A lot or a little?
The parents' guide to what's in this game.
What parents need to know
Parents need to know that while Devil's Tuning Fork is a free downloadable game with no violence or overt conflict in the game, it is nevertheless a game that children might find it scary for several reasons. Since you are experiencing a world of a child who is in a coma, the atmosphere is intentionally dark and claustrophic with no actual characters to interact with; you can, however, hear the disembodied voices of alarmed children saying things like "Please don't hurt me! I'm scared!" and a threatening adult male voice snarling phrases like "I'm going to kill you." It is an interesting game best explored by older teens and adults. Warning: Players who are prone to motion sickness should beware, however, as the undulating effect of the sound waves on stripey, cavernous walls can be disorienting.
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What's it about?
DEVIL'S TUNING FORK is a free PC download game developed by a small team of college students from DePaul University. Highly experimental in nature and presented in a first-person perspective controlled using a combination of the mouse and keyboard, Devil's Tuning Fork is set in an abstract world inspired by the art of M. C. Escher. The gameplay attempts to let the player experience what it's like to \"hear\" their environment instead of see it. A small town is alarmed when its young children all start slipping into comas. One child (the player) awakes inside the a claustrophobic alternate reality where the player must navigate a pitch-black world with the help of a magical tuning fork to find the cause of the epidemic. The tuning fork grants the player the ability to emit sound waves and perceive them visually as they bounce off of walls and scenery to reveal parts of the shadowy world. The effect is similar to how bats use echolocation to \"see\" where they're going in pitch-black caves.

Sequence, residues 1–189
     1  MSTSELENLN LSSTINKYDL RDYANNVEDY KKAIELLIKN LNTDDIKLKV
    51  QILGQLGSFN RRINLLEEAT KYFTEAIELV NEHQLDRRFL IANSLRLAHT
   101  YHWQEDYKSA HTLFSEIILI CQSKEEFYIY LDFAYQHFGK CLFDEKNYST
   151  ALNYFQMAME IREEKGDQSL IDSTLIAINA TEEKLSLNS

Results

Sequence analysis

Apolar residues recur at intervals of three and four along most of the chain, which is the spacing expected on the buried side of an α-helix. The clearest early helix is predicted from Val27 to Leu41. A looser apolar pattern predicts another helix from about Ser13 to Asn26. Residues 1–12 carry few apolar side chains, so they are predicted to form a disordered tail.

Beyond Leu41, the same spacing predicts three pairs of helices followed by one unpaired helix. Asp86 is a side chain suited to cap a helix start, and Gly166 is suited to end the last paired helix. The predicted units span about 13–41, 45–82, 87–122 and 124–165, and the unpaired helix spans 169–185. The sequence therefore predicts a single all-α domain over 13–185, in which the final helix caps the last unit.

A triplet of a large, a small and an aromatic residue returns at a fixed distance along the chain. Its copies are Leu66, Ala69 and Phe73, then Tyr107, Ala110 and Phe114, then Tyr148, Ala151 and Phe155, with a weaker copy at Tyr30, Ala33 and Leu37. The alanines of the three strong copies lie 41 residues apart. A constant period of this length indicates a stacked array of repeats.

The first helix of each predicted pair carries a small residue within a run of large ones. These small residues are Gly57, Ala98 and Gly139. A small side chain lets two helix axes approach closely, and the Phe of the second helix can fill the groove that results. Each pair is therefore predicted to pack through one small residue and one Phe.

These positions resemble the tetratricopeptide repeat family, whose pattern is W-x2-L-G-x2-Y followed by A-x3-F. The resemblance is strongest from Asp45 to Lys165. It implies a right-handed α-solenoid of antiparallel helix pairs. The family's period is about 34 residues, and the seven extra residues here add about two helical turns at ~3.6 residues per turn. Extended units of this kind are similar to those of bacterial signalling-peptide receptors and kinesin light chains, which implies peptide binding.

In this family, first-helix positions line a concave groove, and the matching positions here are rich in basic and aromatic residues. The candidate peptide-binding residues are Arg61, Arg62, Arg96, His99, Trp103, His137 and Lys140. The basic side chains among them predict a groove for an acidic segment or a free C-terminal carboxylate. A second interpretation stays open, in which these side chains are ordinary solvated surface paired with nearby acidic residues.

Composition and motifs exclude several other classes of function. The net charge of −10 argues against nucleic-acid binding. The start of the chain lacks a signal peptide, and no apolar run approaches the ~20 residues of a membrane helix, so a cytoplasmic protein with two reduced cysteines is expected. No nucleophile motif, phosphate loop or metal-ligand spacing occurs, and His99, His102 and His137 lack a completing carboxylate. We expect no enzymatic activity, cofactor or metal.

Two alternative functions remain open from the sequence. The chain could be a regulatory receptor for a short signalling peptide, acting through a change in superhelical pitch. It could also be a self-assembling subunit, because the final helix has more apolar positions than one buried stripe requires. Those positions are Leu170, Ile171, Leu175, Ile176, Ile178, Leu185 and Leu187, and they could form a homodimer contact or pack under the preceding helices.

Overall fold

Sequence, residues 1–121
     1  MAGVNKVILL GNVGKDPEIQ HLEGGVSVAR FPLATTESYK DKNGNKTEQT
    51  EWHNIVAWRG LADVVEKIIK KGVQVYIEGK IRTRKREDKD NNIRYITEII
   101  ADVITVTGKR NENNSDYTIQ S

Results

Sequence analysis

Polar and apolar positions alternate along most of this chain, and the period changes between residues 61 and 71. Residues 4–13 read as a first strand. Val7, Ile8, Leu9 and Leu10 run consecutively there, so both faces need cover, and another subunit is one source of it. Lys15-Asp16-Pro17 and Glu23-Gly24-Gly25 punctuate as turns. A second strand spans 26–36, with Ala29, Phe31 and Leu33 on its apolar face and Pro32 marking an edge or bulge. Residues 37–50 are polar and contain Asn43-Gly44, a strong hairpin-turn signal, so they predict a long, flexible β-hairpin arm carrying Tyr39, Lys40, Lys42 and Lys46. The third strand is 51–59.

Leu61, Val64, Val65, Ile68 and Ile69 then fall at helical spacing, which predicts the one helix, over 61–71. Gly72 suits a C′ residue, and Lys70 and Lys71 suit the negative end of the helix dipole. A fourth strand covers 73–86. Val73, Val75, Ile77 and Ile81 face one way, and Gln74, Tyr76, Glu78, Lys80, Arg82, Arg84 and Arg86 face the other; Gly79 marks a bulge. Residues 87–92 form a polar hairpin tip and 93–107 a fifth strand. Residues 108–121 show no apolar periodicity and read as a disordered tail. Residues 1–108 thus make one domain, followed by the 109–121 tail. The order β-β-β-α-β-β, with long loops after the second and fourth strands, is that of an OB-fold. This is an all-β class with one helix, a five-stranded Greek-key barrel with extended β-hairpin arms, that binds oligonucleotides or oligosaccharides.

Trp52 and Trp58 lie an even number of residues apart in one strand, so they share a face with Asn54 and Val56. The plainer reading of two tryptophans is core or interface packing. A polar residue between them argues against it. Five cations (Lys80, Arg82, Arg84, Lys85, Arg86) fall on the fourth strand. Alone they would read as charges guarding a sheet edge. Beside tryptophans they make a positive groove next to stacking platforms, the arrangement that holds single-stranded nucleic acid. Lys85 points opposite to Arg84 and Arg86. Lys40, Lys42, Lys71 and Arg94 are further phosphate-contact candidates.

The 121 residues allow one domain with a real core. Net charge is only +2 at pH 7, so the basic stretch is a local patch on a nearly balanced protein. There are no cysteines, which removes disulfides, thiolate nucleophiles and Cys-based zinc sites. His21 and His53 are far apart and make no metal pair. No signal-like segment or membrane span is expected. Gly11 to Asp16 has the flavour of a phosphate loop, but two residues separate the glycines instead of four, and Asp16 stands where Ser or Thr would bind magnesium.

Is it any good?
The concept and presentation are certainly unique, but to enjoy Devil's Tuning Fork is to experience it with an open mind since the premise is really designed to be thought-provoking rather than fun. Once the trick of bouncing the tuning fork's sound waves off of the environment to look around and move, it becomes apparent that the game is at heart a simplistic platformer with moving platforms to ride, crumbling floors to avoid, and swinging hammers and blocks to dodge. The fact that the game relies on puzzles rather than weapons and person-to-person combat is refreshing. Players who are prone to motion sickness should beware, however, as the undulating effect of the sound waves on stripey, cavernous walls can be disorienting. Taken for what it is, a free download that pushes a new boundary in how players can navigate video game environments, Devil's Tuning Fork is worth a look - just be aware that it's likely to go over the heads of a lot of gamers who have been conditioned to expect more traditional or user-friendly experiences.
Talk to your kids about ...
Many have compared the artwork of this game to M.C. Escher's work. Families might want to look at some of M.C. Escher's more famous sketches, like Relativity, Drawing Hands and Waterfall. What makes this art style notable and unique? What do you like about the sketches?
How does echolocation works, and how does it help animals like bats and dolphins to move around?
What are some examples of humans using echolocation, i.e. blind people tapping their canes on objects, or the sonar of submarines?
What's the difference between being in a coma and just being asleep?
For kids who love puzzles
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